Thursday, August 19, 2010

Not Drinking During Hard Times

It is so easy to drink a little bit here and there to convince yourself that you don’t have a problem at all. You’ll find that you congratulate yourself more frequently, too, about finding a balance in your life, and you’ll wonder who that strange socially awkward person was who tried to stop drinking—why did that make any sense at all? That’s how I felt about myself last September, when I decided, after six months to the day, to have a drink. I decided to take the GRE. In fact, I had decided to try to do a lot of really ambitious things when I stopped drinking that time. For the record, it was March 8, 2009 when I stopped. And it was September 8, 2009, when I started. Also for the record, I’ve been sober since June 25, 2010 until, well, until today, so far—and so good. I didn’t have a drink last night when my friend did. I didn’t have a drink today. What did I do today? Well, it was alright: went to a local MBA program and spoke with entering honors students (the cream of the crop so called)—they were supposed to pitch themselves, individually, in 90 seconds, and then receive feedback (from me). It was a great event, mostly because I had a chance to interact with people, perform some analytical task, and try to motivate people toward something. Not as if they needed motivation per se. They’ve been getting plenty of that. Odd factor was that I have much less experience, particularly financial, than they did, and that was alright by me, after a round. Even got some praise that we were by far the “best group” of critiquers (from the critiquees). Fine. Dandy.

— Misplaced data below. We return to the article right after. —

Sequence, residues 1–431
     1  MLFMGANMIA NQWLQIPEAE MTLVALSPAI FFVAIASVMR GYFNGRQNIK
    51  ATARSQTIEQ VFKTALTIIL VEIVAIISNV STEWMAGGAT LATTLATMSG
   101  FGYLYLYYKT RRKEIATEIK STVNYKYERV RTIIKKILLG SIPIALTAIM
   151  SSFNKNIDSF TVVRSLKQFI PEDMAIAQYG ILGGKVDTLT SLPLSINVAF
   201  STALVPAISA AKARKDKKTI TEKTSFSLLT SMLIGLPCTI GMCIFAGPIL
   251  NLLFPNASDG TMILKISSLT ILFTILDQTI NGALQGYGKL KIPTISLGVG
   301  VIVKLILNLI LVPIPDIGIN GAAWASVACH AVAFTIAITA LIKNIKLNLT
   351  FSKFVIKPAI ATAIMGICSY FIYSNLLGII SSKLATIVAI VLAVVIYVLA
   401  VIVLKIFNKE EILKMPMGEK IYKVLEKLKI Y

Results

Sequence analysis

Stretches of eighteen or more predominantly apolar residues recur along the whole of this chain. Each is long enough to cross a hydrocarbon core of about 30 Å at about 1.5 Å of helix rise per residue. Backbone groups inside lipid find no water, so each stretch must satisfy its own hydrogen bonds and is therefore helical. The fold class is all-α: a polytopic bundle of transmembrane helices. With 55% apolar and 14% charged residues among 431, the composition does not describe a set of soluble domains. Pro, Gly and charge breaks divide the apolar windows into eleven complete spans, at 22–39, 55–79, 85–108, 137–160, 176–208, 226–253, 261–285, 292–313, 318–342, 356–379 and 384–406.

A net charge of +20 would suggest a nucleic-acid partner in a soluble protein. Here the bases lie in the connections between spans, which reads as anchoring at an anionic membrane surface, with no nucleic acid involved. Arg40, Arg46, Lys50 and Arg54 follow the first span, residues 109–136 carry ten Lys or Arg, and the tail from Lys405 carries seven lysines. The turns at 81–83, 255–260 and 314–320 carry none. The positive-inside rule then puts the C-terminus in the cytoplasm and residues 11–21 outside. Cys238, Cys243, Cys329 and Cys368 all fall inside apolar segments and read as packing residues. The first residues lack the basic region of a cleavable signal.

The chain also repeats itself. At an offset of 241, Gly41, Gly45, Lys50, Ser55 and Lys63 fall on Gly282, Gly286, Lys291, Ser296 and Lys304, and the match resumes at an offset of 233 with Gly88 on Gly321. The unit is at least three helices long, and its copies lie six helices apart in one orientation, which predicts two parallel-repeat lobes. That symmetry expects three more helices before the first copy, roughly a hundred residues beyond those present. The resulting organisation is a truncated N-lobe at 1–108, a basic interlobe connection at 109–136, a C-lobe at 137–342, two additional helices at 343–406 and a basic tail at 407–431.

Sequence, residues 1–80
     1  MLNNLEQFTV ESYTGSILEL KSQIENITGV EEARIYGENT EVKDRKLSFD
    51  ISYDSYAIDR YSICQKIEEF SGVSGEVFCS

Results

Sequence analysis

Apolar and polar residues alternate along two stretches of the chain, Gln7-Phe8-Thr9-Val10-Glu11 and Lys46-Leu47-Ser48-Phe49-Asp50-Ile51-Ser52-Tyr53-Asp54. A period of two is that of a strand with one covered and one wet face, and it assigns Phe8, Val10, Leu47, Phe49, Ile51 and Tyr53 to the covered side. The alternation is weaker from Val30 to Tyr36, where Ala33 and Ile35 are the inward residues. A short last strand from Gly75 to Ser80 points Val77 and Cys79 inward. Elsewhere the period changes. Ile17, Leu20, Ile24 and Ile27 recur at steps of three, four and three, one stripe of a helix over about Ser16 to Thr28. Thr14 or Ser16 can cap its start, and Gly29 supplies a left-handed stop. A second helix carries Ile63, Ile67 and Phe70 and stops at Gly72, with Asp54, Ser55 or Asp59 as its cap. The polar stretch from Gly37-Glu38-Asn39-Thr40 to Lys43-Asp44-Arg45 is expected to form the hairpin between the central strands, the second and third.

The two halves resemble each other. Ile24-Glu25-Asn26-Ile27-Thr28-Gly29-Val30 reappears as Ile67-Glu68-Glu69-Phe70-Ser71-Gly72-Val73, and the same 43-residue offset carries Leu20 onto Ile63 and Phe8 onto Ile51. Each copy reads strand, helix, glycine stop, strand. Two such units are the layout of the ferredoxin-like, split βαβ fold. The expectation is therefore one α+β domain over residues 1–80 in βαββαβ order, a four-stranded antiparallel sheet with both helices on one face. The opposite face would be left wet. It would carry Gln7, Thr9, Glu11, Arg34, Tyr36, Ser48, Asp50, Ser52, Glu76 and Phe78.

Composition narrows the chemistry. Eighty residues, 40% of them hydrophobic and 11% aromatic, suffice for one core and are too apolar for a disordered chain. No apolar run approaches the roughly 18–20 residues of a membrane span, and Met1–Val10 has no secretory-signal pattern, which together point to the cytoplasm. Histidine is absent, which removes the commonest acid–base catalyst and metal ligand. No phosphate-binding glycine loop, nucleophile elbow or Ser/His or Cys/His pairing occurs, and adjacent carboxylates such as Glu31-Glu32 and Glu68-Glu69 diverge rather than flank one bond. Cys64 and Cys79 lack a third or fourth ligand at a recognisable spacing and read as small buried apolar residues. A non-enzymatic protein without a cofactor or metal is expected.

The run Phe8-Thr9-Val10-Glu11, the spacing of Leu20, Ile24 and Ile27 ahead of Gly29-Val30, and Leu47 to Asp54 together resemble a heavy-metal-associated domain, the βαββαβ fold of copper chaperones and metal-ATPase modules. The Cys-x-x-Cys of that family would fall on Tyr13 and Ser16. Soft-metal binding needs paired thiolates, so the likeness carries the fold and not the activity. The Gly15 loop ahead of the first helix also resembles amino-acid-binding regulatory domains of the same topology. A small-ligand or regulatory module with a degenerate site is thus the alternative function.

And then we wandered into the “social” part of the event and my colleague went for a glass of wine. Then another. And perhaps a third. He is totally competent and absolutely delightful and great: what I’m saying is his drinking wasn’t the problem. The problem was that I had a particularly hard night last night. A vicious fight spread, gasoline fueled, in less than one minute, for a minor infraction of a code that isn’t written down, and one that I thought I had memorized hard by now. I didn’t, or don’t, and I still don’t know how the situation will be resolved. And, yes, I’m on a tangent. But this whole blog is a bit of a tangent, and that’s just how it’ll be. The rich smell of red wine in clear plastic cups, and the pungency of my sobriety sticking out Pinocchio-like through the room. Of course nobody noticed. I didn’t drink. I left and didn’t drink. But I did smoke a cigarette, which kills me, both literally and figuratively, because I don’t want to turn to an addictive substance when times are hard. That’s kind of the point, or at least some distant cousin of the point, genetically mutated or not, to teetotaling.

And again, drinking a little bit when you feel decent isn’t the challenge, really. Because the last time I stopped drinking I did well on the GRE that day. Better than I thought I would. So I decided to have a drink, then see a movie. Somehow, though, I decided that I had to have two drinks, not just one drink. Why? If I was going to break six months of commitment, I had to get a little buzzed, and one drink wouldn’t do it. Even then, one drink couldn’t suffice (I’m not a lightweight physically, as far as rationales go)—I swore that I would continue to abstain after those drinks, but of course, I couldn’t. A mere three days later a large family type party ensued with much beer, and many happy tidings, and celebration, and, well, I drank it all up—all night long. There goes six months. Bye bye.  Funny.  Because I don't want to keep track of time like that, but it is a practical necessity, I think, now.

And now, hello, again, to the edge of eight weeks. Two months. Holding steady until today, where the windows felt damn thin against the cold air of late summer.

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